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Next I tackle one of the hardest parts of playing all percussion; playing soft. It is an aspect of percussion playing most of us don’t spend enough time focused on. What I have experienced when working on my own soft playing is that the best way to practice your soft playing is… wait for it… to just do it… I can make this a lot more complicated but it’s just that simple. If you don’t spend a lot of time playing soft and learning how to control the sticks at a super low stick height, then chances are you aren’t going to be very comfortable doing it in performance. I accomplish this using multiple books and methods. I like to read beginner to intermediate etudes and ignore all dynamics and just play as soft as possible. The Wilcoxon All American Drummer is a great resource for this. So are the Peters books. Reading through this kind of repertoire will also help your sight reading ability. When working on these etudes and exercises I try to keep the bottom of the stick below the rim at all times. This is VERY difficult to do, but if I can, then I know I am good shape to play just about anything.

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Finally I tackle perhaps the most difficult skill on snare drum; the roll. Coincidentally, I wrote a book The Modern Concert Snare Drum Roll on this very topic because I did not feel there were enough resources out there to both learn the roll but also to maintain it. The second half of my book deals with what we are talking about here; maintenance and improvement. I will start by working on dynamics and my unmetered rolls. Exercises #80-84 are good for this and working on having very smooth dynamic changes. I can also focus on what speed my hands need to move to create an even sound. If I am unhappy with the evenness of my hands I will work on a series of exercises that use accents to help control the smoothness (#98-165). Focusing on the roll before and after the accent will help even out the sound. If I am looking to build some strength and finger control I will work on some exercises that help distinguish between a double stroke and a buzz roll (#237-301). These will really give your fingers, wrist and arm a work out so don’t spend too much time on them. One of my favorite exercises that I almost always finish with is controlling my soft double stroke roll. This helps my double stroke roll, my ruffs and grace note control, as well as my soft buzz roll. Reading and writing exercises to work on this skills helped my playing immensely. I started by reading etudes and rolling all the 16ths. I then decided to write some of my own including this one (#398) from my book.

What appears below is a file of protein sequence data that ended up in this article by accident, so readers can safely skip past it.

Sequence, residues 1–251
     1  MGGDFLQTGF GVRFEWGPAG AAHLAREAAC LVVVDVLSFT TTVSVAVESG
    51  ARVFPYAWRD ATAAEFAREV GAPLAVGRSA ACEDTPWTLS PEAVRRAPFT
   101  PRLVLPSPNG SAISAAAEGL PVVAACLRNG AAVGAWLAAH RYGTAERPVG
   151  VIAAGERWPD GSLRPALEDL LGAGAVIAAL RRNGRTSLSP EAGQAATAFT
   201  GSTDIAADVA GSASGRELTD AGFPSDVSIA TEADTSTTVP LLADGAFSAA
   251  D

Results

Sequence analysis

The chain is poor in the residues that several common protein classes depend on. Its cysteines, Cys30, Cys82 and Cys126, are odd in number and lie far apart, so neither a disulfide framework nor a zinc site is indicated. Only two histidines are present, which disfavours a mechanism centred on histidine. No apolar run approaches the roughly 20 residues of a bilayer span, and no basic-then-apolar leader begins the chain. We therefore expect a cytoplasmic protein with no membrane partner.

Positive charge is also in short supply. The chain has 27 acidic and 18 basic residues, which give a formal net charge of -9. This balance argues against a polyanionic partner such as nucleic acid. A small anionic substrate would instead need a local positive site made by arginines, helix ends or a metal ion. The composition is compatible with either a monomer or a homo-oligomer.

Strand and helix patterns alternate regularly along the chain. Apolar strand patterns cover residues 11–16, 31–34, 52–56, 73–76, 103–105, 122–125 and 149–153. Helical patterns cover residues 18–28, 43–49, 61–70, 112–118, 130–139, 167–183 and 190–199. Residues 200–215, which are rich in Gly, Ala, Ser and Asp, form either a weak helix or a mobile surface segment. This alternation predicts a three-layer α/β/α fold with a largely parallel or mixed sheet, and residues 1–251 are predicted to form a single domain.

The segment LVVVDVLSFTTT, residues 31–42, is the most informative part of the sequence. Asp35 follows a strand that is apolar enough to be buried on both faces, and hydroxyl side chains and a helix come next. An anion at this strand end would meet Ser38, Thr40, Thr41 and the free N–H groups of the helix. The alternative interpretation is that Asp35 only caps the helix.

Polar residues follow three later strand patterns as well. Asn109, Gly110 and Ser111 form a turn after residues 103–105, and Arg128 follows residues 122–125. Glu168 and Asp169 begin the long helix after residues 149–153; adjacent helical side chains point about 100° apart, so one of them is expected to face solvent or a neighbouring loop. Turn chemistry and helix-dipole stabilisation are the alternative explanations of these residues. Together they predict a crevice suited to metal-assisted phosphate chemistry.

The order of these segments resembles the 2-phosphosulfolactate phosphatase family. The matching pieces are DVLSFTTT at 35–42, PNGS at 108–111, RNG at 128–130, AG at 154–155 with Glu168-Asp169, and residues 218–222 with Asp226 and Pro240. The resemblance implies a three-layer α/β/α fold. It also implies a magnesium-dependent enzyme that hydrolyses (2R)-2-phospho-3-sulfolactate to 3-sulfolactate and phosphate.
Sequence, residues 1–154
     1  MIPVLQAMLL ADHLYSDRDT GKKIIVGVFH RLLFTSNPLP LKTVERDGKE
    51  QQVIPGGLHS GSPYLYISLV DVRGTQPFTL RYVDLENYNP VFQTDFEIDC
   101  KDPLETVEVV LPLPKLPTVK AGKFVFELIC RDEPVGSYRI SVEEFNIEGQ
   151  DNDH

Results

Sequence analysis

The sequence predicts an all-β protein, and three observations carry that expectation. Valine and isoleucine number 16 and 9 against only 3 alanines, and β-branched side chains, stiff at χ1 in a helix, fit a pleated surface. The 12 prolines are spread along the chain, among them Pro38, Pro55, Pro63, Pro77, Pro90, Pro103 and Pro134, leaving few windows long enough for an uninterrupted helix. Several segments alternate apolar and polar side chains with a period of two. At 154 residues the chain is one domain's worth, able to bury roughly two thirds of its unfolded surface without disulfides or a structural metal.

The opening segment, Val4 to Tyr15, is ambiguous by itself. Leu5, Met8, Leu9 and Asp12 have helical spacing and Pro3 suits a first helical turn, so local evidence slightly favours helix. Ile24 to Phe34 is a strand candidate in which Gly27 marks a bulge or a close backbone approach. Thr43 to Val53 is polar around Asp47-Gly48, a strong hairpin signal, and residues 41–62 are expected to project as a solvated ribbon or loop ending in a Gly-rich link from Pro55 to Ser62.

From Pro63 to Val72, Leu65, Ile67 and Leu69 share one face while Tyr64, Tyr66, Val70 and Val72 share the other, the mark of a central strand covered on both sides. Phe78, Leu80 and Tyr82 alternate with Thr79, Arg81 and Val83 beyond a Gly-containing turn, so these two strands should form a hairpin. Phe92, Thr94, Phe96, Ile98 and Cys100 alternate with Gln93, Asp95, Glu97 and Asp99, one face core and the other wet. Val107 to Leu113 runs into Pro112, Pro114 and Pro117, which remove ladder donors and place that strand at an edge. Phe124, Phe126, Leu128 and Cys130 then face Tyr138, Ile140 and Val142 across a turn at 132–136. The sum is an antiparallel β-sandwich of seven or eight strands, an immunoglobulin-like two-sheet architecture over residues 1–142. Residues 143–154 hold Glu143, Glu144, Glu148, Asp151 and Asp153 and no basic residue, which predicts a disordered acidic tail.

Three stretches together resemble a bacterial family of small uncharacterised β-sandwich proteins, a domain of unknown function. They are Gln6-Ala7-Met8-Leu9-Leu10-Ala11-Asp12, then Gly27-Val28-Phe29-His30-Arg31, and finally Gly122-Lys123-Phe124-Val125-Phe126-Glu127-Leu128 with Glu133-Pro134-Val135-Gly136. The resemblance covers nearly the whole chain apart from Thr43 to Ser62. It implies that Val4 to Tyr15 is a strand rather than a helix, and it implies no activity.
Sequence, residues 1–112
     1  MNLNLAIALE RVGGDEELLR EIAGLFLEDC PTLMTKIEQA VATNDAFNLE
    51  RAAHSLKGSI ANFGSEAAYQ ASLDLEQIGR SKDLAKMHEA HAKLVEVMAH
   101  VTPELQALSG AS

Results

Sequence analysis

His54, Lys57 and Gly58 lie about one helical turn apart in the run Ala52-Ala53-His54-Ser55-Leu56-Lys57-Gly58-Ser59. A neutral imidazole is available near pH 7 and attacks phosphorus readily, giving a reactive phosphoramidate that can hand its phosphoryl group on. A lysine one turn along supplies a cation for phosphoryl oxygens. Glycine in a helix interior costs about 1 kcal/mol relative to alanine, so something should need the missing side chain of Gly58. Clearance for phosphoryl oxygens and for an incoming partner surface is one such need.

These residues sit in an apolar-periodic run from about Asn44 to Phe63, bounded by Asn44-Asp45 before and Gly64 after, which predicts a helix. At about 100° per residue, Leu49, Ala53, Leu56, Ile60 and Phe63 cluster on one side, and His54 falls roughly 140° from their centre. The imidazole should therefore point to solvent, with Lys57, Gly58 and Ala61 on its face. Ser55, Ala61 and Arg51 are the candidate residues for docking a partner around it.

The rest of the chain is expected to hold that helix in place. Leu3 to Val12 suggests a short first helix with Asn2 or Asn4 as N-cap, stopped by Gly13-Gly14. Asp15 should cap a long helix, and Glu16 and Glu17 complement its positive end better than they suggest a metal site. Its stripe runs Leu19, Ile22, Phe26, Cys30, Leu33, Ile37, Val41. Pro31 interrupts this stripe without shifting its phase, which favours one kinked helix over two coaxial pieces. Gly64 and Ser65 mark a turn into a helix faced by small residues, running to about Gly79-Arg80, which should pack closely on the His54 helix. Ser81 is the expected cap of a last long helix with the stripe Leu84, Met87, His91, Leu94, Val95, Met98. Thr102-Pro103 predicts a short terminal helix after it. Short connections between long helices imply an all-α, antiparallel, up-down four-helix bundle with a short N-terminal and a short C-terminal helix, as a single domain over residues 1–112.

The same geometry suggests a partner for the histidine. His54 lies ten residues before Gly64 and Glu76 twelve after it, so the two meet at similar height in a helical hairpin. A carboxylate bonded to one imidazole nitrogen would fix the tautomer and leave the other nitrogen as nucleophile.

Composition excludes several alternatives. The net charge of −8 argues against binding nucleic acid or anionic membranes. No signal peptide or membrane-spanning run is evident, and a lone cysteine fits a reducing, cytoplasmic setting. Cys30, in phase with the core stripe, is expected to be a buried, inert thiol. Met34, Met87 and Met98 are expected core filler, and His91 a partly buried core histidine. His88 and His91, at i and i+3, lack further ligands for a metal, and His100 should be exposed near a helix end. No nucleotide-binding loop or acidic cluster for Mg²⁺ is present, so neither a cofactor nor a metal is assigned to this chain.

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The idea behind this routine is I am actively working on all of the most basic skills needed to play snare drum:

Controlling the 3 different kinds of single strokes at a full dynamic

Controlling those same strokes at a very soft dynamic

Controlling the roll.

If you boil down the entire repertoire, that’s kind of it. Granted that is a massive over simplification, but it’s still true. This kind of thought process is how I came up with all of my “routines” that I do to stay in shape on all of the instruments. Please leave your comments on what you like to do and what keeps your hands in shape. I look forward to hearing what helps you sound your best!

Stay tuned for more posts about how to improve your technique and give you some great routines to use.